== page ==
Where to begin with the wines and grapes of Mount Etna?
How about the fascinating contrast of its youthfulness as a wine region despite Etna’s 200-million-year geological history.
One of Mount Etna’s greatest resources is its archive of wine grapes. From the ancient world to the present, the best grapes for wine growing have been planted on the volcano’s fertile slopes. Many of them are still here, hiding in plain sight. Nearly every vineyard on the mountain has a unique assortment of grapes. This centuries-old diversity is part of what makes Etna Etna.
The New Wines of Mount Etna by Benjamin North Spencer of The Etna Wine School.
It wasn’t until 1968 that Etna DOC was established – the first legal Sicilian wine region. At the start, the regulations were meant to define and maintain the winemaking traditions already in play in an effort to legally turn local grapes into quality wine. Primary Mount Etna grapes include Carricante, Catarratto, Nerello Cappuccio, and Nerello Mascalese.
The result lacked the intended quality and raw passion. Consequently, the wines were consumed locally at low, by-the-liter prices with still larger quantities shipped and sold off the island.
The story goes that in the late 1980s, Dr. Giuseppe Benanti was at a business lunch and expressed disappointment at the local wine presented to his table. Feelings sure that Etna could do better, he set out to do just that with what Ben calls “high-level experiments into modern Etna winemaking” that included the application of a new kind of scientific acuity to the local grape varieties.” (source: The New Wines of Mount Etna, Benjamin North Spencer.)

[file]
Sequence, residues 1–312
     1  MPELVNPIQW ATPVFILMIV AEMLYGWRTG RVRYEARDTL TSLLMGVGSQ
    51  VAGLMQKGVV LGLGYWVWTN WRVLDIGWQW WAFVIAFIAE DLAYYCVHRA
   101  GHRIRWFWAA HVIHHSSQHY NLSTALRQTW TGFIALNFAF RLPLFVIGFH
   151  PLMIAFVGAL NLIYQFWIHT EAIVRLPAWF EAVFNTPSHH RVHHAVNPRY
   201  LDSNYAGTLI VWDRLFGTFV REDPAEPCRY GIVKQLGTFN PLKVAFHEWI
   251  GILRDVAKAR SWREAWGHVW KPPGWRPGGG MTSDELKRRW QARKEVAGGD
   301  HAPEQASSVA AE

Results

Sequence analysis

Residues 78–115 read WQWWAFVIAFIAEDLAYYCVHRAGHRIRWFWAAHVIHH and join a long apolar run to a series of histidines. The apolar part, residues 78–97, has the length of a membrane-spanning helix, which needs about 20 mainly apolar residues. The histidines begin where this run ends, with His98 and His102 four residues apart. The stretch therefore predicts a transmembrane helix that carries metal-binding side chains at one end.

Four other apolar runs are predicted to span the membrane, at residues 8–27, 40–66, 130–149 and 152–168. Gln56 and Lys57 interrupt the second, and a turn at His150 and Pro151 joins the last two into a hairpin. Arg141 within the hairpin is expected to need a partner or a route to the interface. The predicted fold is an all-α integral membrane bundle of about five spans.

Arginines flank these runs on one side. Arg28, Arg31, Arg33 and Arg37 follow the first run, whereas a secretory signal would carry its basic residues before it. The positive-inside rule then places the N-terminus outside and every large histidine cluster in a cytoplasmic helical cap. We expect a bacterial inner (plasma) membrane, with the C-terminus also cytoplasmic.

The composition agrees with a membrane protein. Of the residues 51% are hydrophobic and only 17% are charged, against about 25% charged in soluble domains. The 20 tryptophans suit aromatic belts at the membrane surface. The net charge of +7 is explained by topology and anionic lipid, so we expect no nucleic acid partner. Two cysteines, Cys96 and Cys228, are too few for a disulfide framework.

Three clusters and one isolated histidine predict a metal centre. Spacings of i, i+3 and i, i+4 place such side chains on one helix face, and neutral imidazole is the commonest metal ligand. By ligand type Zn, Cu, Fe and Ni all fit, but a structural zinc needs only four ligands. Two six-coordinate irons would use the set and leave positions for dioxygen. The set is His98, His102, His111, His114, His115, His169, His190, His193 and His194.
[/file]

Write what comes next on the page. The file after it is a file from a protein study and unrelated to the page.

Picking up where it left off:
The terroir of Mount Etna
Etna enjoys the benefits of Sicily’s warm Mediterranean climate met with the mountain’s cool, high-altitude vineyards. Etna gets between 25-75 inches of annual rainfall and 250 days of sunlight.
The vineyard elevation and exposure are quite noteworthy. Ben explains that the vineyards are found in a band that circles the mountain on three sides. Variable exposure spans 400m to about 1000m AMSL with proximity to the sea. The high elevation lends pronounced shifts between day and night temperatures, which creates almost refrigeration around the vines.
What is a contrada?
A contrada is an Italian neighborhood defined by administrative and natural boundaries. In terms of wine, these territorial subdivisions can be thought of as Etna’s version of a cru, giving typical, recognizable flavors to the resulting wine.
Get to know the grapes of Mount Etna
- White grapes of Etna: Carricate, Catarratto, Minella Bianca.
- Red grapes of Etna: Nerello Mascalese, Nerello Cappuccio
The Wines of Mount Etna
In total, there are seven Etna DOCs spanning Etna Spumante (must be metodo classico / traditional method), Etna Bianco, Etna Rosato, and Etna Rosso, including Superiore and Riserva classifications.